In an interesting blog post yesterday in the Chronicle of Higher Education, Ohio State University English Professor Frank Donoghue addresses what I believe is the crux of the matter regarding a university education: is it a right, i.e., a social entitlement; or is it a privilege and not, therefore, a government’s responsibility?
Whichever way you answer that question, it has enormous policy implications.
Students’ groups, like the Canadian Federation of Students, fall firmly in the “education is a right” category. The CFS even has a campaign with that very title.
But what does that right entitle you to, exactly? Should we expect a free education, open to all, like in the K-12 system?
To be fair, that’s not what the CFS is advocating. Their main goal, it appears, is to improve access by compelling governments to reduce tuition fees and improve the grants and loans system.
In that, I don’t think they’d find too much opposition, in general, from university administrators and higher-ed experts. I have heard many a university president proclaim – sincerely, I believe – that every individual who has the aptitude and the desire should not be barred from attending university simply because they lack the financial means. Ah, but how does one “operationalize” that noble sentiment? Aye, there’s the rub…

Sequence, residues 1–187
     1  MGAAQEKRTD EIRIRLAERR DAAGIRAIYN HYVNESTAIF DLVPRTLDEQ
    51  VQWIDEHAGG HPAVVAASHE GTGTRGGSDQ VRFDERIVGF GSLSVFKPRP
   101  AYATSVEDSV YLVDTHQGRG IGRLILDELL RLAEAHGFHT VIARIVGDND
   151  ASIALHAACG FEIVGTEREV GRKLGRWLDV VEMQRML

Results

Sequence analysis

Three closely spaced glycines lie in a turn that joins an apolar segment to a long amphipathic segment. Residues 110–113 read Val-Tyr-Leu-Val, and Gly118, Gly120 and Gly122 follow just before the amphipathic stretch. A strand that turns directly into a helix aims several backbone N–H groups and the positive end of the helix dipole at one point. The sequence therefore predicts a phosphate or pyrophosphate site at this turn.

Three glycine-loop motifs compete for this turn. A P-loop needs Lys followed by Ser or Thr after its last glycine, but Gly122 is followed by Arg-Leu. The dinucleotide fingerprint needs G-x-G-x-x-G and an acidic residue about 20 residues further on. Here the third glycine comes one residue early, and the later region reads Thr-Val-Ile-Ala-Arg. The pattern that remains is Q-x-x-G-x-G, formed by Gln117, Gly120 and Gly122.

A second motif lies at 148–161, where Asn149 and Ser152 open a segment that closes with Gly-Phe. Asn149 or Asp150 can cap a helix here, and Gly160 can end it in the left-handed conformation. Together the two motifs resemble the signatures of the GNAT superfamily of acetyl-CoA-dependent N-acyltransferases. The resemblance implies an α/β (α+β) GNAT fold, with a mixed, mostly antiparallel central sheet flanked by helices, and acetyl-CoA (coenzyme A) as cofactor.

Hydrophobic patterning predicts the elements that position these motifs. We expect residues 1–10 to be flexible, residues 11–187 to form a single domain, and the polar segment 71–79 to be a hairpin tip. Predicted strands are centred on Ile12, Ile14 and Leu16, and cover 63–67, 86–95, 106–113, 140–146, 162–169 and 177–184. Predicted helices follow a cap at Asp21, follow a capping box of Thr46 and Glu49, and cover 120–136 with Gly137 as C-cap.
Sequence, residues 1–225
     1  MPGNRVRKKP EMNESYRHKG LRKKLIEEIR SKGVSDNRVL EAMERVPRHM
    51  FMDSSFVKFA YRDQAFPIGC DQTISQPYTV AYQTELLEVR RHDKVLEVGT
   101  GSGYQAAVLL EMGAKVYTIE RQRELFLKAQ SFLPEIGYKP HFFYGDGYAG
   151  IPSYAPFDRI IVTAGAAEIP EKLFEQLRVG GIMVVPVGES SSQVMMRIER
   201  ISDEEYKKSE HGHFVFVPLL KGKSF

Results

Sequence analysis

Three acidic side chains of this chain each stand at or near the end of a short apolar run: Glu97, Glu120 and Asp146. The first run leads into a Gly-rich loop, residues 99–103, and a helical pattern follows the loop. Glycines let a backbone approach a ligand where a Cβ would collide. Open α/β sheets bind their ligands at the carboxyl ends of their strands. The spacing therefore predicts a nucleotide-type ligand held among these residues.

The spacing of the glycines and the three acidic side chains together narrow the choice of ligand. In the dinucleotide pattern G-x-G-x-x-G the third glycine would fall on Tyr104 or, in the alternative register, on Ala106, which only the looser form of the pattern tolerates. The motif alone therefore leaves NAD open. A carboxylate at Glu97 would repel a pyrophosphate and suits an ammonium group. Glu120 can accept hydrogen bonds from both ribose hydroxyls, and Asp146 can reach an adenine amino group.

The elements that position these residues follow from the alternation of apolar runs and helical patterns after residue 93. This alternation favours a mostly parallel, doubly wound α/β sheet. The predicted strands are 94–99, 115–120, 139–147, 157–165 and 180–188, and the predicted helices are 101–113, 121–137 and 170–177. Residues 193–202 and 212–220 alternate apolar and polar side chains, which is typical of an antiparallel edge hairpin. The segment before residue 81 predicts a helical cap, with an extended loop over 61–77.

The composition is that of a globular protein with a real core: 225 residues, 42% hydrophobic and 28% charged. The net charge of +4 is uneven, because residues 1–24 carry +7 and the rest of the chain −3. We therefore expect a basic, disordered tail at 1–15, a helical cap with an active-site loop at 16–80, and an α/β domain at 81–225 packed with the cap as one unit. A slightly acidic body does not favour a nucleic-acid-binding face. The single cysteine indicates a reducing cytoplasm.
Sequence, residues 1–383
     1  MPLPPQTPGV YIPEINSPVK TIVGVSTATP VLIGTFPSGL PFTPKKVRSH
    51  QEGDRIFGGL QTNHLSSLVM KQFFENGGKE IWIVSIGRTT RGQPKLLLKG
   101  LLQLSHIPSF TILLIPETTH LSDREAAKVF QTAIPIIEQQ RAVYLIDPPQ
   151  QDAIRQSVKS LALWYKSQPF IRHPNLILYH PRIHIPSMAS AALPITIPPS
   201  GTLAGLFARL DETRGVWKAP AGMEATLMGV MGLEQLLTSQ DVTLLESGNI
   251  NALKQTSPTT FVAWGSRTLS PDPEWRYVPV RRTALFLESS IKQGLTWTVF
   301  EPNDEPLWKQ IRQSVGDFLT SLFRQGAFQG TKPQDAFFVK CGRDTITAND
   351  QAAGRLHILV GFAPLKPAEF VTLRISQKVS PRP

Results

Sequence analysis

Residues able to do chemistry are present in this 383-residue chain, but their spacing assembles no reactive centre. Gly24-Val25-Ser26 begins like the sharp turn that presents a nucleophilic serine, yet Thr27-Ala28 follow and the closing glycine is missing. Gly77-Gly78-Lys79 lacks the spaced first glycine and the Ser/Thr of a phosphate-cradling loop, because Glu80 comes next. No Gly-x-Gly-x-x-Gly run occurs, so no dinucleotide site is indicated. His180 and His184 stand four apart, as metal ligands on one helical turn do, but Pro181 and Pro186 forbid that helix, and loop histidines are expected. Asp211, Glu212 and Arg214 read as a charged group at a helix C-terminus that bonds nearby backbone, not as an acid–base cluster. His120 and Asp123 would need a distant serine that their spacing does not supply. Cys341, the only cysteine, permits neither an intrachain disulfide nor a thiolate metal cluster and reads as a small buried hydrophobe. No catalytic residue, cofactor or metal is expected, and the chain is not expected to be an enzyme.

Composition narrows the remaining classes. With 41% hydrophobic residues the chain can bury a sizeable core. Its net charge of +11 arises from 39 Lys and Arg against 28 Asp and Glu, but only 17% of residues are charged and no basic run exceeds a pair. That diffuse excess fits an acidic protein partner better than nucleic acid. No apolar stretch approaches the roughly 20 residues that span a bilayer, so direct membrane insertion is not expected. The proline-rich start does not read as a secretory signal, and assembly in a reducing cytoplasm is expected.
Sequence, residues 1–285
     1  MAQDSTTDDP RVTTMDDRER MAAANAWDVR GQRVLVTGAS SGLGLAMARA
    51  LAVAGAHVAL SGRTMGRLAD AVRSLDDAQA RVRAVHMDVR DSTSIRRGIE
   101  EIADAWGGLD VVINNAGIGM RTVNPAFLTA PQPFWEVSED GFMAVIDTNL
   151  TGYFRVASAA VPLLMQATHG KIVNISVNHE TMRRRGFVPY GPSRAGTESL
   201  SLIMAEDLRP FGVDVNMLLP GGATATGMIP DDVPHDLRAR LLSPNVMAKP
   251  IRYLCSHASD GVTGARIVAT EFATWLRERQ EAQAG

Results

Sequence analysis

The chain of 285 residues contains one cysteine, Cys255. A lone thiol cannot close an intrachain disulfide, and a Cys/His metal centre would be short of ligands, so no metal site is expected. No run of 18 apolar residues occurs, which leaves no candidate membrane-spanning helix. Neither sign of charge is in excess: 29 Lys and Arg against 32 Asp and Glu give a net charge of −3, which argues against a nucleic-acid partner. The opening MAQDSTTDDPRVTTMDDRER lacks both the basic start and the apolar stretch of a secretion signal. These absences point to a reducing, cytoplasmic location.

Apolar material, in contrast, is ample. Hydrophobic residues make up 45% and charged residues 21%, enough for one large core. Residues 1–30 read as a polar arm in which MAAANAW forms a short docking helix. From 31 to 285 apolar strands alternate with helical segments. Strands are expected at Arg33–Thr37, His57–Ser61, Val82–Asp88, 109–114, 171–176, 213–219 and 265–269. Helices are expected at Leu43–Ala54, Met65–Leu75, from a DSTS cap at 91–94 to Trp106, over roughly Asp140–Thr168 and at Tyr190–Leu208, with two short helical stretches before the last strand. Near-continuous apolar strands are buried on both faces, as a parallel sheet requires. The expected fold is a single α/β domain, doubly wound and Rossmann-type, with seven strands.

I’m personally uncomfortable proclaiming that access to postsecondary education is an absolute right, equal to, say, Canadians’ right to health care. Conversely, I would strongly dispute, and in much more emphatic terms, the notion that the government has no responsibility to support or promote higher education. A highly educated workforce is essential to a healthy and prosperous society and governments have an important role to play in ensuring that goal.
But, what should the extent of that role be? Another tough question. Governments are pulled in many directions, with competing priorities, and their fiscal capacities are currently very strained, with many difficult decisions ahead.
I’d love to hear readers’ thoughts on this. Where do you fall on the right/privilege spectrum?